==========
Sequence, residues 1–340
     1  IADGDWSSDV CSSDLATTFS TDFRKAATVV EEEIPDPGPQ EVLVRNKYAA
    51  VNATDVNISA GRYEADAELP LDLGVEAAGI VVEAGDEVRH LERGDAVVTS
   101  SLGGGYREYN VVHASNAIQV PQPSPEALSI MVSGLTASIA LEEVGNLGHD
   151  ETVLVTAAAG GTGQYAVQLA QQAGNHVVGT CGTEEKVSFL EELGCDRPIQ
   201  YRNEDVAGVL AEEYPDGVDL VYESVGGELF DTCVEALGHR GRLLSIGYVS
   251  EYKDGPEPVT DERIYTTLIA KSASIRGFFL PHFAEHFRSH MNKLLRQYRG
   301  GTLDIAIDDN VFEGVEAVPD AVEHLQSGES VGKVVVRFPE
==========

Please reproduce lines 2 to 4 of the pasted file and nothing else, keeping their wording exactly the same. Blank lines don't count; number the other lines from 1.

     1  IADGDWSSDV CSSDLATTFS TDFRKAATVV EEEIPDPGPQ EVLVRNKYAA
    51  VNATDVNISA GRYEADAELP LDLGVEAAGI VVEAGDEVRH LERGDAVVTS
   101  SLGGGYREYN VVHASNAIQV PQPSPEALSI MVSGLTASIA LEEVGNLGHD